Unless your medical practice has been extraordinarily busy lately, there's a chance you've heard of International Classification of Diseases (ICD-10), which is "one of the biggest changes to hit health care," according to the American Medical Association. If your practice is extra-savvy, then it's likely that you've already created an action plan when it comes to training.

ICD-9 has been the standard set of data foundation for practices for decades. However, ICD-10 is going to create codes that are much more contemporary and encompass many more code sets. Although these changes are wide-sweeping, most of the medical coding and billing associated with the changes have already been implemented in most developed countries, so this is a huge step for American health care.

There are many ways that your practice can get started with updating your medical coding services, according to Physicians Practice:

Poll your office on ICD-10 knowledge
To get a rough idea of where your medical practice stands in terms of ICD-10's upcoming changes, be sure to poll staff and physicians on ICD and CPT coding so that you know where to start. This can help you determine the level of education your office needs.

Start from scratch
According to the source, all employees at the practice should be given a rundown of the basic ICD-10 details. After this is accomplished, you may need to hold topic-specific training depending on what facet of medical billing each employee is involved with. For example, several physicians will probably require instructions on clinical documentation improvement programs so that they can better understand ICD-10 code assignments.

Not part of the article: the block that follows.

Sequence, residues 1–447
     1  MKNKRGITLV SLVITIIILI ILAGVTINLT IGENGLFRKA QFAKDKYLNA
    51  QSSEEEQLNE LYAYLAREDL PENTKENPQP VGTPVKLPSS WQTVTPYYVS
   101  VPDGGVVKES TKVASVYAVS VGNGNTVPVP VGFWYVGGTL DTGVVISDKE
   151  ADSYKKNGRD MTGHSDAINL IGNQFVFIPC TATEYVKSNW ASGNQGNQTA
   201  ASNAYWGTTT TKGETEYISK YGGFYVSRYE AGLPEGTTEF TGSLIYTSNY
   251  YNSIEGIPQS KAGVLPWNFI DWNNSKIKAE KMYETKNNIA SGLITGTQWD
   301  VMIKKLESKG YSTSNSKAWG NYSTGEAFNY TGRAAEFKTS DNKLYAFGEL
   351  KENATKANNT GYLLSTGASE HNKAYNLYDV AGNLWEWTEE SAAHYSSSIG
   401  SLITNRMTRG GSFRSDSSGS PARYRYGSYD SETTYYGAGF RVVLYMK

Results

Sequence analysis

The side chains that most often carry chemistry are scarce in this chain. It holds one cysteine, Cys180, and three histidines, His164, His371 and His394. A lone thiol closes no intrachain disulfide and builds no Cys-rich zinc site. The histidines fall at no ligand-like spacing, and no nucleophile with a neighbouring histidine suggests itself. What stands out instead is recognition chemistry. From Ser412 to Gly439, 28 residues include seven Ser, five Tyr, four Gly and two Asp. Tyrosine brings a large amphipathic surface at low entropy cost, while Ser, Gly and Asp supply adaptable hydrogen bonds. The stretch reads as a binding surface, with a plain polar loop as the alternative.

Physicians have several training methods to choose from
Depending on your office workflow and budget, you have several ICD-10 training options from which to choose. Some of these may include audio conferences, web-based programs that can be self-directed or led by an instructor, a traditional classroom setting or self-learning programs.

Training options can also come from external organizations, internal information or a combination of these. There are several excellent resources you can implement from the American Hospital Association, the Centers for Medicare and Medicaid Services or the American Health Information Management Association, for example. However, you can also try online vendor training sessions or narrow down parameters that pertain directly to your practice.

The transition to ICD-10 is not an option for physicians – regardless of how big or small your practice is, you will need to prepare your office for these new changes in medical billing software in the near future for a smooth transition.